How do we go about breaking the prevailing cycle of economic disparities and a lack of social cohesion, while promoting active citizenship, innovation and development as well as human capital development? By ensuring access to quality education for as many of our citizens as possible – which is part of the mission of the North-West University (NWU).
The NWU is also committed to helping achieve the United Nations’ Sustainable Development Goals (SDGs), of which SDG 4, namely Quality Education, is seen as indispensable. This goal entails guaranteeing inclusive and equitable quality education, and the promotion of lifelong opportunities for all.
According to Prof Linda du Plessis, deputy vice-chancellor for planning and Vanderbijlpark Campus operations, the university is geared towards reaching this goal through a host of initiatives. One of them is Ikateleng, which means “empower yourself”.
“Ikateleng is a community programme that has changed the lives of thousands of learners. This programme has been in existence for approximately 33 years and provides supplementary teaching in mathematics, economics, business studies, accounting, life sciences, physical sciences and English to high school learners from Grade 10 to 12,” says Prof Du Plessis.
In addition, prospective students who do not meet the admission requirements for specific formal degrees may enrol for one-year University Preparatory (UnivPrep) programmes or one of the various higher certificates in economics and management sciences, humanities and theology at the NWU.
Students whose National Senior Certificate results in mathematics do not meet the requirements for admission to BCom or BSc studies and who are enrolled for formal BA degree studies at the NWU, are also permitted to enrol for the Bridging the Mathematical Gap modules to achieve the required standard for BCom or BSc studies.
“We have several extended programmes in commerce, science, and information technology to give students greater access, while also ensuring that these students are supported and equipped to succeed in their studies,” Prof Du Plessis explains further.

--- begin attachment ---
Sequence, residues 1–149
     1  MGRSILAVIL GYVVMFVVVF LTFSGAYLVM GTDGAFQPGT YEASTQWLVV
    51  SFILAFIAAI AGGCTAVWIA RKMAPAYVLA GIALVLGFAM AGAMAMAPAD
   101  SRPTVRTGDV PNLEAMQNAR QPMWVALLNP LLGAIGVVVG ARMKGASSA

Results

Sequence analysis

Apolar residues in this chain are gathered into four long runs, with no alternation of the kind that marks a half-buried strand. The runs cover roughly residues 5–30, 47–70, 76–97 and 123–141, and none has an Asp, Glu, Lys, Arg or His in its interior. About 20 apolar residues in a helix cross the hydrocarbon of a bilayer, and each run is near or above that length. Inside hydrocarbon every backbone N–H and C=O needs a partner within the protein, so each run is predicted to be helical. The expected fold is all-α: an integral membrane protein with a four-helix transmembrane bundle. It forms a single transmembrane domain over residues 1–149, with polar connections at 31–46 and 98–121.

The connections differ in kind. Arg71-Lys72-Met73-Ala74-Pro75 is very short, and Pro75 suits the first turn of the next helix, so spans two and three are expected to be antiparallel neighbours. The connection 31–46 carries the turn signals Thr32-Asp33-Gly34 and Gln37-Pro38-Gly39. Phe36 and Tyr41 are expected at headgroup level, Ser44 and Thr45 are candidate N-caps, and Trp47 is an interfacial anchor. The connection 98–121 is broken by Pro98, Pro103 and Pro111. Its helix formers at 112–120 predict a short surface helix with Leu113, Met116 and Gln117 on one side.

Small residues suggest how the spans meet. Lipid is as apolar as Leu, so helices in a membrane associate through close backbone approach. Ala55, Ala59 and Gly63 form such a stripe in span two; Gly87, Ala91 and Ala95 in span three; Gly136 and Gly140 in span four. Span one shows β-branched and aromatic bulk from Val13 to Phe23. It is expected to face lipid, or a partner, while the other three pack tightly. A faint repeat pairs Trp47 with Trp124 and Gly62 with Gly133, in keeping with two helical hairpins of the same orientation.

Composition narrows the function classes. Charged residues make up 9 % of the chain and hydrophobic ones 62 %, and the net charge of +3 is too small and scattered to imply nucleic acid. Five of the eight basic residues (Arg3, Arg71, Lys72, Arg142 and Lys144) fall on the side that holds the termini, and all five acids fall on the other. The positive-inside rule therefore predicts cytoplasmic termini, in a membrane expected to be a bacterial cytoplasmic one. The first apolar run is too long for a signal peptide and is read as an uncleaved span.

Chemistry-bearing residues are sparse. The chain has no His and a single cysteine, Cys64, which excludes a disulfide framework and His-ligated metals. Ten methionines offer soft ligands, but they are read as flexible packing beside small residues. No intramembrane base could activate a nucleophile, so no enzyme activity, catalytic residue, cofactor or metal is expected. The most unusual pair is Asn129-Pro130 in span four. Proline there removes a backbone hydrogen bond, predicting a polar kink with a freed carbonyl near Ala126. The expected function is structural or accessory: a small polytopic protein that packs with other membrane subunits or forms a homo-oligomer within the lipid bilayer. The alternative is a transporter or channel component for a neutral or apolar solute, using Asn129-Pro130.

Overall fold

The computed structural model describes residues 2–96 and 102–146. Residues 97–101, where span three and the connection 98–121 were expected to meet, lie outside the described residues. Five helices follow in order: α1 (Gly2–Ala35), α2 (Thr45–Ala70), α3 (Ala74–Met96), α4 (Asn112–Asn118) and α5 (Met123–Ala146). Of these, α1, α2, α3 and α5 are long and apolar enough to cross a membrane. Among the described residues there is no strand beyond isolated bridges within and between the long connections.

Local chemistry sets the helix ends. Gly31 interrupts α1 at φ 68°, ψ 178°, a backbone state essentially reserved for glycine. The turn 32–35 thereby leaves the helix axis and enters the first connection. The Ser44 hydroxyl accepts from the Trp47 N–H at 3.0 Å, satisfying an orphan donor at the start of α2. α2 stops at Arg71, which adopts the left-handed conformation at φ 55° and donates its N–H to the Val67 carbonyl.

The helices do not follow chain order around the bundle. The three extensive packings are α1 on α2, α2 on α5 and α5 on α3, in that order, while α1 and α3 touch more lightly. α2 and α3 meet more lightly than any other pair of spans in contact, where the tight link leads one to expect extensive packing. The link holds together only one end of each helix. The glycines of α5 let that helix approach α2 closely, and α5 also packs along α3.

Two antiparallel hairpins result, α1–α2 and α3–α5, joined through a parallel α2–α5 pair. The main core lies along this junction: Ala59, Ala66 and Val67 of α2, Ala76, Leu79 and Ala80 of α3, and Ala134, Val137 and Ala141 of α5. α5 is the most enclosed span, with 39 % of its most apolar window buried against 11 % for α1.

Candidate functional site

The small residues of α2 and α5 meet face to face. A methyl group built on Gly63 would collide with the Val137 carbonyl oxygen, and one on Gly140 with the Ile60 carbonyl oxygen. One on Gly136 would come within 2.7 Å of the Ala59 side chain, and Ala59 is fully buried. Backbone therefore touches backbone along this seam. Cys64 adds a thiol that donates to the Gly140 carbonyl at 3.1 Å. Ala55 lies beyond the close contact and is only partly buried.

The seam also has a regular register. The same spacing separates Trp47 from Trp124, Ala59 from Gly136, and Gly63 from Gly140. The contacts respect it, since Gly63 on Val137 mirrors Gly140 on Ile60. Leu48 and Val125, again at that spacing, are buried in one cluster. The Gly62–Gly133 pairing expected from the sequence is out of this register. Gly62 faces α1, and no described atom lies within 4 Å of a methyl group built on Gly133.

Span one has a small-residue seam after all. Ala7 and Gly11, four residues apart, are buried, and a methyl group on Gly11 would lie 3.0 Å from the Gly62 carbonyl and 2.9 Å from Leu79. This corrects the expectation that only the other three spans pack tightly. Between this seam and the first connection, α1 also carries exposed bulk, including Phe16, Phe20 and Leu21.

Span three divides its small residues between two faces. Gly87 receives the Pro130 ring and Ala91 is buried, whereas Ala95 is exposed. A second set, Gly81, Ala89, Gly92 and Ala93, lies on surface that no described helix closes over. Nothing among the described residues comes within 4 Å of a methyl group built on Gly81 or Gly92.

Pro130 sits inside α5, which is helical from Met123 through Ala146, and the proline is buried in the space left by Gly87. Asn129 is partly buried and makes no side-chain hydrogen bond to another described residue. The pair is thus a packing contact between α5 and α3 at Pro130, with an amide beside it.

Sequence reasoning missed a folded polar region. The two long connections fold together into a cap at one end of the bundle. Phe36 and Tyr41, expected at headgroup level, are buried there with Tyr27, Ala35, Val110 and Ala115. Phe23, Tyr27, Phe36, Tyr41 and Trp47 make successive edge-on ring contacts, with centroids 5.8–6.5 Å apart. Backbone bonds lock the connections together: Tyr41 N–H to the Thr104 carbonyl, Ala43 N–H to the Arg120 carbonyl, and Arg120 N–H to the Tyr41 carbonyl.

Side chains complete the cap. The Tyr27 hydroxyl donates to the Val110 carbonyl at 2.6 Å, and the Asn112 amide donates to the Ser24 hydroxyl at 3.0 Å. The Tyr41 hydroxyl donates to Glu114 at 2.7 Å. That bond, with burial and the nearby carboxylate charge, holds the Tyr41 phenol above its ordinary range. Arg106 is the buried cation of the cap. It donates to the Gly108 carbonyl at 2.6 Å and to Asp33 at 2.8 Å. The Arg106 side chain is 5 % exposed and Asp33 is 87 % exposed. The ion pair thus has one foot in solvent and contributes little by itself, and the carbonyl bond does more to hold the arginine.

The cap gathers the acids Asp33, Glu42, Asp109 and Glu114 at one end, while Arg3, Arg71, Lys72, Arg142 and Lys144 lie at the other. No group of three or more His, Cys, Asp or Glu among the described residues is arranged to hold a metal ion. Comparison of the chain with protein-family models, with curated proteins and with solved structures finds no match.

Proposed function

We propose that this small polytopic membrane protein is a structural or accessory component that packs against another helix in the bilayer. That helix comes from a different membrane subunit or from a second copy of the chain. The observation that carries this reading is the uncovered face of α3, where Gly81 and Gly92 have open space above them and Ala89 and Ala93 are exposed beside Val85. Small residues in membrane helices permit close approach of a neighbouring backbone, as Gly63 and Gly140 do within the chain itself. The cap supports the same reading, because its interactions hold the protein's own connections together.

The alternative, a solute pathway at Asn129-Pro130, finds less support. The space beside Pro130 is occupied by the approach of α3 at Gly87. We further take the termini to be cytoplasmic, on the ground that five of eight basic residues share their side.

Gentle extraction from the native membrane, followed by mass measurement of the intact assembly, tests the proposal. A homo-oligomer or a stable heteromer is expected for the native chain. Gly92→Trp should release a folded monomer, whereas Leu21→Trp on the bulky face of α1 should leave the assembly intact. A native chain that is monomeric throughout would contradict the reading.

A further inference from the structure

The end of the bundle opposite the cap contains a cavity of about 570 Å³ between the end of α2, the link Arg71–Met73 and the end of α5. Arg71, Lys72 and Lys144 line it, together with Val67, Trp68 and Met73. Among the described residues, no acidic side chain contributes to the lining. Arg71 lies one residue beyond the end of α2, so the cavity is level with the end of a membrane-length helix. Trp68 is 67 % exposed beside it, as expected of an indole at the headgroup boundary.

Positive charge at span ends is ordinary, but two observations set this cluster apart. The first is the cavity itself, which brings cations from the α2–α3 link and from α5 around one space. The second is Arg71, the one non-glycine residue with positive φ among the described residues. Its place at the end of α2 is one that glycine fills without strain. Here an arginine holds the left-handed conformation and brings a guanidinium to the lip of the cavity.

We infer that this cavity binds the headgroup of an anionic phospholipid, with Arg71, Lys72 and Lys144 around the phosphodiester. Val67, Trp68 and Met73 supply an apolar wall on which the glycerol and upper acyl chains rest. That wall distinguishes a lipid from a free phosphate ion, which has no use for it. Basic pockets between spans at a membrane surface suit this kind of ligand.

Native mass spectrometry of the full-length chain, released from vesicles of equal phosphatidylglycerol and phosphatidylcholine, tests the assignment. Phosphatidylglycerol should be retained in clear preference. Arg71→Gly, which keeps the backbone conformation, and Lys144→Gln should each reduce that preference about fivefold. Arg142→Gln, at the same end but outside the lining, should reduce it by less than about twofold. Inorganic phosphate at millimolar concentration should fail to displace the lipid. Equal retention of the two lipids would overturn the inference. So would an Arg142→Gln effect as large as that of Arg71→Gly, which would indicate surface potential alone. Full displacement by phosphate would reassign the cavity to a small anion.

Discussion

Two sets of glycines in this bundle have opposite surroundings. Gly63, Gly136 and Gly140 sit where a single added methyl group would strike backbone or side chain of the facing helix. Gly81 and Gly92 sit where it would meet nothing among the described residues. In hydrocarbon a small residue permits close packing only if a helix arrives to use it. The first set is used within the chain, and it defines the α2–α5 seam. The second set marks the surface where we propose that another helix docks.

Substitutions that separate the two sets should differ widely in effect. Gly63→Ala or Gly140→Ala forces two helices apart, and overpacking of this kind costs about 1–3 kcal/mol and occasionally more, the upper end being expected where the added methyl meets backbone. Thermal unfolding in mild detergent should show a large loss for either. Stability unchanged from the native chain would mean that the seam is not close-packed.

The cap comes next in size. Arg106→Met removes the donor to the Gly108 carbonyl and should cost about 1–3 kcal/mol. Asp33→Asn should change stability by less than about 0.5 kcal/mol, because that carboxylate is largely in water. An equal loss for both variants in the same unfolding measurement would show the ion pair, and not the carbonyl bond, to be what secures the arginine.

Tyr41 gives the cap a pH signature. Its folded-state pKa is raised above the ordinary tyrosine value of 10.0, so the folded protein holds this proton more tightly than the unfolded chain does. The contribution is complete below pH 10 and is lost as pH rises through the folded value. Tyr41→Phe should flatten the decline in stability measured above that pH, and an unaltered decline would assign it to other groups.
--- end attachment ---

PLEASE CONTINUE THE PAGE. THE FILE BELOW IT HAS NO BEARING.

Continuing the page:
“Through our Centre for Teaching and Learning, support is provided to students in the form of peer mentoring, reading development and supplemental instruction. In 2022, an online tool, ‘The First Year Navigator’, was launched to provide first-year students with timeous, essential academic information throughout the entire academic year.”
For the NWU, the future employability of graduates is also a key component that should not be viewed as a separate element when addressing access to education.
“The NWU is not only dedicated to providing quality education to its students, but also to ensuring social justice and supporting communities. The high unemployment rate in the country makes it even more important to ensure that our students can enter the world of work. To this effect we initiated an institution-wide review of our programme offerings to ensure that they are relevant and viable, and meet the demands of the 21st-century world of work.
“Liaison with professional bodies is very important to us, allowing our students to obtain professional affiliations when graduating from the NWU. The university plays a critical role in providing opportunities for students and prospective employers to engage. Career fairs and training in CV writing, work readiness and entrepreneurship are provided. We also regularly engage with industry partners – predominantly enterprises that employ our graduates. The aim is to understand the skills needs of these industries and obtain feedback on how our graduates are performing in the market. In turn, our faculties use this feedback to update our academic programmes,” she adds.
Furthermore, the NWU’s Alumni Relations office initiated a mentorship programme to help prepare students and young alumni for work. The programme, which seeks to tackle high unemployment, has been well received by mentors and mentees alike.
“We hosted various workshops to assist unemployed graduates and postgraduate students with CV-writing and interview skills, and connect them with potential employers,” says Prof Du Plessis.
These are but a few steps the NWU is taking to help the country on a path to prosperity.
Prof Linda du Plessis.